The like-for-like measure is often used by retailers, the city and analysts to assess the performance of individual companies, retail sectors and the industry overall, without the distorting effect of changes in floorspace.
Online (including mail order and phone) sales of non-food are transactions which take place over the internet, or via mail order or phone. Online sales growth is the percentage change in the value of online sales compared to those in the same period a year earlier. It is a guide to the growth of sales made by these non-store channels. It should be noted that online sales are still a small proportion of total UK retail sales. Estimates based on ONS figures show about 10 per cent of total UK retail sales (food and non-food) are achieved via the internet.
The responses provided by retailers within each sales category are weighted (based on weightings derived from the ONS Family Spending survey) to reflect the contribution of each category to total retail sales, thus making it representative of UK retail sales as a whole. Because the figures compare sales this month with the comparable period last year, a seasonal adjustment is not made. However, changes in the timing of Bank Holidays and Easter can create distortions, which should be considered in the interpretation of the data.
s well as receiving sales value direct from the retailers in the scheme the BRC-KPMG Retail Sales Monitor also receives food and drink sales value data from the IGD’s Market Track Scheme.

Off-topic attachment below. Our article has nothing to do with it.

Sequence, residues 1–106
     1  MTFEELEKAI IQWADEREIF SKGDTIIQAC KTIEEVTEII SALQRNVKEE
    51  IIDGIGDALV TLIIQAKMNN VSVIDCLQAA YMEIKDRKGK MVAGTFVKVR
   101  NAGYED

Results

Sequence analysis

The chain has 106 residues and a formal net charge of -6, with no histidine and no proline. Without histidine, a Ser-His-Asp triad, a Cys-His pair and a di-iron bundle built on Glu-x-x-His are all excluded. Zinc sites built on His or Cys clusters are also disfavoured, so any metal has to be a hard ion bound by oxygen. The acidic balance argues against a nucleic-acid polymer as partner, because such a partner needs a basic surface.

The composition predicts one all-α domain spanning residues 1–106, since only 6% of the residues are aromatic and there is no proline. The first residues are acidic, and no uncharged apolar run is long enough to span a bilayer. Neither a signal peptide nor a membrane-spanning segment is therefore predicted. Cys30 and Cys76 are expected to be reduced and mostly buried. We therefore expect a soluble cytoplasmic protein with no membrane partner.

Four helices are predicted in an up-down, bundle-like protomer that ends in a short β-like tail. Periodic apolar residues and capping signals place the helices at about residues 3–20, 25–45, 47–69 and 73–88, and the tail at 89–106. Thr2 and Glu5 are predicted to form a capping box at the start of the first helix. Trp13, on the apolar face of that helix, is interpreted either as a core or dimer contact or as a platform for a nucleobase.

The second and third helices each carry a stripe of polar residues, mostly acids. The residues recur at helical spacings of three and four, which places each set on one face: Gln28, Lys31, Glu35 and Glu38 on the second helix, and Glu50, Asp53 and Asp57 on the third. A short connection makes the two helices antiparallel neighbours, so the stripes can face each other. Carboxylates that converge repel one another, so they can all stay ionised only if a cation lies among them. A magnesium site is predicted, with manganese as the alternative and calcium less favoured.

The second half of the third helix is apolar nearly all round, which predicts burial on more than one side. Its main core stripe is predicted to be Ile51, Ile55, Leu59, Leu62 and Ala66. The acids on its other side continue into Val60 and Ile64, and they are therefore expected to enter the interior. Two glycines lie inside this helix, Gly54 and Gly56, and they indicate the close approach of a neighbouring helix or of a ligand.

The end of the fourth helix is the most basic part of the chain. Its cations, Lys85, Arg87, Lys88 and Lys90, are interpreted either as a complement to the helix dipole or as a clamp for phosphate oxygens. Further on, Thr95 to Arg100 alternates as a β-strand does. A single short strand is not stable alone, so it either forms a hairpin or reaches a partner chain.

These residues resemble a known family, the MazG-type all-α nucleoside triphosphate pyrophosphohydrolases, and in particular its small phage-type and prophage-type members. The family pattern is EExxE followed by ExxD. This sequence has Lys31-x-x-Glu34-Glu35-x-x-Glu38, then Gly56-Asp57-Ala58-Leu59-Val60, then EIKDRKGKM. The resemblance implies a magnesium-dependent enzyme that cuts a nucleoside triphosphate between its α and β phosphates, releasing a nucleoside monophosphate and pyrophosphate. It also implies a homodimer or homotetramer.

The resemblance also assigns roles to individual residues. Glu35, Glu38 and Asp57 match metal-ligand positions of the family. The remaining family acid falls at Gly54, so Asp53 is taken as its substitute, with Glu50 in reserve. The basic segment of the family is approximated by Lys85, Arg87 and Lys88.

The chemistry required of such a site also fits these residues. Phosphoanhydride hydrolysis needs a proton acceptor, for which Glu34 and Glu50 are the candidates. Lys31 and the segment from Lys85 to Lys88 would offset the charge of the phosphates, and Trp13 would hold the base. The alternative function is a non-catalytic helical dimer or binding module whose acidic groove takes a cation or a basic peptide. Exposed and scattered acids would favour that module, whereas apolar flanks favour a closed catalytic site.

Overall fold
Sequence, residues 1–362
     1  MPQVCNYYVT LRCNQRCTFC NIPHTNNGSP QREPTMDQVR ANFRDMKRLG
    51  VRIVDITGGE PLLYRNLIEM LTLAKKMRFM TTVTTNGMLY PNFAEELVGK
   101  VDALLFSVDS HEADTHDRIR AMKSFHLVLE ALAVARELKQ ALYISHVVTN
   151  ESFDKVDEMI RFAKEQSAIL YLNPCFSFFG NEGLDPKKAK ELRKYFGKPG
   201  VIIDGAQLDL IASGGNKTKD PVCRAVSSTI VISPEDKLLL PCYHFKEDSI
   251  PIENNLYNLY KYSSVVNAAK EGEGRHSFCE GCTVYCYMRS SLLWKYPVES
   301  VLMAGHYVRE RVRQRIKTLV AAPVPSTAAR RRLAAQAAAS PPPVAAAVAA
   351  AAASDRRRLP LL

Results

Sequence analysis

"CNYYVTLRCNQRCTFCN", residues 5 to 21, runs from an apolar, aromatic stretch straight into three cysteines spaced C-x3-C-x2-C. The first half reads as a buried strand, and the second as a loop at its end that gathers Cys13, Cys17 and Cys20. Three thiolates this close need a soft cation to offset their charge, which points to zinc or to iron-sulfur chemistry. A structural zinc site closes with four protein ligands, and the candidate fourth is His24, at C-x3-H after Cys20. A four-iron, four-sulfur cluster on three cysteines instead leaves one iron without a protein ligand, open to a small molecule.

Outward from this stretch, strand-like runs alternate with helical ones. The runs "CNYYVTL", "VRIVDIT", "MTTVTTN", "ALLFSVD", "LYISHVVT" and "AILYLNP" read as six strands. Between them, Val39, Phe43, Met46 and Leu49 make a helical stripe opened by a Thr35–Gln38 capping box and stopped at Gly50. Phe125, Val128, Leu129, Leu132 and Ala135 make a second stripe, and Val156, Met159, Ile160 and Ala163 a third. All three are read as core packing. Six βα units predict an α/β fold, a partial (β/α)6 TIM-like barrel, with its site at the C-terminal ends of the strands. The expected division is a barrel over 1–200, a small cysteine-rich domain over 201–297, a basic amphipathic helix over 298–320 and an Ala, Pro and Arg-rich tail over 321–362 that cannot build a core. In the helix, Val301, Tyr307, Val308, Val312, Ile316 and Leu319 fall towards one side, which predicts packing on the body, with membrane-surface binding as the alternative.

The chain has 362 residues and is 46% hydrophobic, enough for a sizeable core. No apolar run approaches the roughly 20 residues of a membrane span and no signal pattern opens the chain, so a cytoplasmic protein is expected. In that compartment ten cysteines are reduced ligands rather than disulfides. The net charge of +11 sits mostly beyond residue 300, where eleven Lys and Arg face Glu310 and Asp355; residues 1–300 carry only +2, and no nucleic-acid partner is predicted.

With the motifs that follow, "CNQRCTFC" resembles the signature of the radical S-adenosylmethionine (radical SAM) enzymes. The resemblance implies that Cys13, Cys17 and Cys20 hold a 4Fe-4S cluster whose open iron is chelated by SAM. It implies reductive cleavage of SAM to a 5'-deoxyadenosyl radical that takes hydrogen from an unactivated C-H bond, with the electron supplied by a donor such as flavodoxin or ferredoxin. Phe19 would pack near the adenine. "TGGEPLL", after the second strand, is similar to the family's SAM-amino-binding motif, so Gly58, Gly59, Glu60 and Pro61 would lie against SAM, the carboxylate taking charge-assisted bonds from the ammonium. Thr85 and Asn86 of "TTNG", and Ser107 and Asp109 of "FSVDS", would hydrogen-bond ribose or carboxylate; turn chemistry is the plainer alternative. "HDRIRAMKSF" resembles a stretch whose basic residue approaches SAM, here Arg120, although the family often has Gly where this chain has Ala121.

n its role as sponsor of the BRC-KPMG Retail Sales Monitor, KPMG is responsible for the aggregation of the retail sales data provided by the retailers on a weekly basis. This data consists of the relevant current week’s sales data and comparative sales figures for the same period in the prior year. The aggregation has been performed by KPMG on data for periods following 2 April 2000 and equivalent prior periods. The accuracy of the data is entirely the responsibility of the retailers providing it. The sponsorship role has been performed by KPMG since 10 April 2000 and the same for the aggregation of comparative sales figures for the period from 2 April 2000 it is not responsible for the aggregation of any data included in this Monitor relating to any period prior to 2 April 2000.
The commentary from KPMG is intended to be of general interest to readers but is not advice or a recommendation and should not be relied upon without first taking professional advice. Anyone choosing to rely on it does so at his or her own risk. To the fullest extent permitted by law, KPMG will accept no responsibility or liability in connection with its sponsorship of the Monitor and its aggregation work to any party other than the BRC.
For further information please contact:
British Retail Consortium
21 Dartmouth Street
London, SW1H 9BP
T: 020 7854 8900
T: 0207 854 8924
15 Canada Square
London, E14 5GL
T: 020 7311 1000
T: 0207 311 3245
M: 07551 135 778
The British Retail Consortium (BRC) is the UK’s leading retail trade association. It represents the full range of retailers, large and small, multiples and independents, food and non-food, online and store based.
KPMG LLP, a UK limited liability partnership, operates from 22 offices across the UK with approximately 12,000 partners and staff. The UK firm recorded a revenue of £1.96 billion in the year ended September 2015. KPMG is a global network of professional firms providing Audit, Tax, and Advisory services. It operates in 155 countries and has 174,000 professionals working in member firms around the world. The independent member firms of the KPMG network are affiliated with KPMG International Cooperative ("KPMG International"), a Swiss entity. Each KPMG firm is a legally distinct and separate entity and describes itself as such.
Detailed weekly data by category is available to retailers who contribute to the monitor. If you would like to participate in the Retail Sales Monitor, please contact:
T: 0207 854 8960